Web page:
If you want to see the code at this point of the article, check out the forgot-password tag of the code on GitHub.

Multi-Factor Authentication

Multi-factor authentication (MFA) is becoming a standard for anything requiring heightened security. Right now, if I want to log into my email, my bank, my mortgage account or even GitHub, I have to enter a code that I get via text message. Because of this extra layer of security, we prevent anyone from logging into an account if they have both my username and password. Instead of just using a single factor (the password) with the username, they have to use multiple factors (password and the code via SMS).

The great thing is that Cognito supports this out of the box through SMS. The Cognito team has stated that it is also working to add support for email MFA; however, at the time of writing, this isn’t an option. To make this work, we’ll need to change some configuration settings in AWS and create a new user pool.

New User Pool

To properly demonstrate the capabilities of multi-factor authentication using SMS, I will be creating a new custom user pool with only a few modifications compared to our previous user pool. Note that some features (such as required attributes) cannot be modified once a user pool has been created. Because of this, you’ll want to have a solid strategy around your user pool before starting to use it.

The modifications that I made compared to the previous user pool are detailed below:

  • Phone number has been added as a required attribute.
  • Users can sign in using their email address or phone number (we will still choose the email address here).
  • Multi-factor authentication has been set as optional.
  • Email verification has been disabled, and phone number verification has been enabled.

Using SMS Instead of Email

If you are going to send anything more than a few SMS messages per month, you’ll need to request a higher Simple Notification Service (SNS) limit for SMS messages. This is mostly painless, but it is a requirement if you are going to ship an app. The following excerpt from Cognito’s documentation will point you in the right direction. While the team responds to requests fairly quickly, it isn’t instant. I would recommend submitting the request at least a few weeks before a push to production. According to “Specifying User Pool MFA Setting and Email and Phone Verification Settings” in the Amazon Cognito Documentation:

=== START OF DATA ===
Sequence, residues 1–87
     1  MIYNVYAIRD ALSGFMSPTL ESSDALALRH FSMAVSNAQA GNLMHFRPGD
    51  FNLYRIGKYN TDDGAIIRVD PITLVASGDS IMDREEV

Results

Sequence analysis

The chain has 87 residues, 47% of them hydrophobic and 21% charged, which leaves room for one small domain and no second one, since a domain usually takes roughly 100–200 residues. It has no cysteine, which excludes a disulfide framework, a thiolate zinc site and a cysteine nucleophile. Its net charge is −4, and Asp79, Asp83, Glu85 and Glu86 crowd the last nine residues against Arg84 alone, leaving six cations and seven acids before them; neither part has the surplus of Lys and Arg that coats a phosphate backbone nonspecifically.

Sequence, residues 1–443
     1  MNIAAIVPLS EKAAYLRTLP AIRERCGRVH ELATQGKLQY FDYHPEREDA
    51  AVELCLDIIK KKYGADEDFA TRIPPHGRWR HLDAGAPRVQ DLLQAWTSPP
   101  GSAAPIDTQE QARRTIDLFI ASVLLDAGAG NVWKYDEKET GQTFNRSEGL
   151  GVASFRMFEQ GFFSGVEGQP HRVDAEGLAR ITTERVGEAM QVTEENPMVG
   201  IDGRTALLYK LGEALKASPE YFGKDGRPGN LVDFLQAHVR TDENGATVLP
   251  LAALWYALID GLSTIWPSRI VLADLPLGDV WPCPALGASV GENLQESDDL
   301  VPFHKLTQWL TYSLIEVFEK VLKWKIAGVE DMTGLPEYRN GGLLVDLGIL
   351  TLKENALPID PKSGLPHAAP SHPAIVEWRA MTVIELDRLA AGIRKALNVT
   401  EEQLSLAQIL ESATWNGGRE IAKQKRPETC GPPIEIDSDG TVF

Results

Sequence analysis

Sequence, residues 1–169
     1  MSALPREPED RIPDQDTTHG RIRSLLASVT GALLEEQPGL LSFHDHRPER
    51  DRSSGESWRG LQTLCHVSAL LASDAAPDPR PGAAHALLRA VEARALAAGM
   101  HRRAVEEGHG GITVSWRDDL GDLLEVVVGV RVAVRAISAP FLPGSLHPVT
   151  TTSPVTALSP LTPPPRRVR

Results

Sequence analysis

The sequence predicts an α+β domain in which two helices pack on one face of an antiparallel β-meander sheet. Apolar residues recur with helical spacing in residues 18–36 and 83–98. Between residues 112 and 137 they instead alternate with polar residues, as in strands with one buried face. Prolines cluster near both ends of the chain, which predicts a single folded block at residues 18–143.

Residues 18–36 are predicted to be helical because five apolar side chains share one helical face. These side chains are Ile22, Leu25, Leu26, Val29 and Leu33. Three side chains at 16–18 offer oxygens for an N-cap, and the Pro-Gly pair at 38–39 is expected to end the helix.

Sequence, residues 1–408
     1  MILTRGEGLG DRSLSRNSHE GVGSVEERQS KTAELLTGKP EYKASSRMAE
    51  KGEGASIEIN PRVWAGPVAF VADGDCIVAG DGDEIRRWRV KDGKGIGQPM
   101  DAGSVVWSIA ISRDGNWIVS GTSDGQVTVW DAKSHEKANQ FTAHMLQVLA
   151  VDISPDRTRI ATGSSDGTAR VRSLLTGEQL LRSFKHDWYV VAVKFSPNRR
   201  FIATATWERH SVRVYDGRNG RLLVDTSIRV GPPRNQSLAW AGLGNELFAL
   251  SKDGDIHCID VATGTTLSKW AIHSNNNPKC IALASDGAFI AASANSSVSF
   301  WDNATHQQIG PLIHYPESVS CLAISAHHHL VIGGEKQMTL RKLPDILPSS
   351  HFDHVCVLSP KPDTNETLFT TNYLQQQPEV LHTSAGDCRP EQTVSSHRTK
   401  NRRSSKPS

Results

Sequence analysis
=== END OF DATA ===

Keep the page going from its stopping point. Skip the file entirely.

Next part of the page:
The default spend limit per account (if not specified) is 1.00 USD per month. If you want to raise the limit, submit an SNS Limit Increase case in the AWS Support Center. For New limit value, enter your desired monthly spend limit. In the Use Case Description field, explain that you are requesting an SMS monthly spend limit increase.

Workflow

Because we aren’t forcing multi-factor authentication for the user pool (although you certainly could), we will have a multi-step process to enable and then execute multi-factor authentication. These steps are detailed below (these are the happy path steps):

  1. When the user signs up for an account, they will be asked to verify their phone number (instead of their email address).
  2. After logging into the application, the user will be able to enable multi-factor authentication in their profile.
  3. After enabling multi-factor authentication, the user will be presented with the authentication challenge upon their next login.